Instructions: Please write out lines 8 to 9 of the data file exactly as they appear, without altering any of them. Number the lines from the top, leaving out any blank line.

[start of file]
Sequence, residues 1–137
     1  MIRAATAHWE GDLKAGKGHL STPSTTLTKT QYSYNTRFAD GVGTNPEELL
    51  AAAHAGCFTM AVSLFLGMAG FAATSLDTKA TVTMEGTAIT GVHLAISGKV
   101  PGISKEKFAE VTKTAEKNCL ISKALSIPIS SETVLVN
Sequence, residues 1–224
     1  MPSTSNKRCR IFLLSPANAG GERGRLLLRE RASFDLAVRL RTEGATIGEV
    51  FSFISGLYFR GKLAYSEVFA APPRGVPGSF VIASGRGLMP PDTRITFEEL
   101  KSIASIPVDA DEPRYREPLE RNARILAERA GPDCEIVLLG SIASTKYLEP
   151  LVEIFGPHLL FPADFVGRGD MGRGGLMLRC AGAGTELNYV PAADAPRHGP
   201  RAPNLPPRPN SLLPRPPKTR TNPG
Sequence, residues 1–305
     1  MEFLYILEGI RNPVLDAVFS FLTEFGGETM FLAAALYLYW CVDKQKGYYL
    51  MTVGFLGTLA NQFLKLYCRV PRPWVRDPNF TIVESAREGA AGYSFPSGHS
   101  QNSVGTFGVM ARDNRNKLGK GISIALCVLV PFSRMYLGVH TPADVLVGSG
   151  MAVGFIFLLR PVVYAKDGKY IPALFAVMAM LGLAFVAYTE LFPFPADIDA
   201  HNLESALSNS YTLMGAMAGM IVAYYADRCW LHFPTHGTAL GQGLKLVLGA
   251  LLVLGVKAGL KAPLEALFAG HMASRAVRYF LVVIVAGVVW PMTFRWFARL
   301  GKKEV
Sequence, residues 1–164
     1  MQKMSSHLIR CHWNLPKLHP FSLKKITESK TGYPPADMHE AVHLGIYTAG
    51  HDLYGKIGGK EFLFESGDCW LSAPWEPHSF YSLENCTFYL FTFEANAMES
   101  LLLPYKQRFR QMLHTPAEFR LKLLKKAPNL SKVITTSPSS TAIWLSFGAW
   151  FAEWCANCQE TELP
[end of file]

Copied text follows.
   101  KSIASIPVDA DEPRYREPLE RNARILAERA GPDCEIVLLG SIASTKYLEP
   151  LVEIFGPHLL FPADFVGRGD MGRGGLMLRC AGAGTELNYV PAADAPRHGP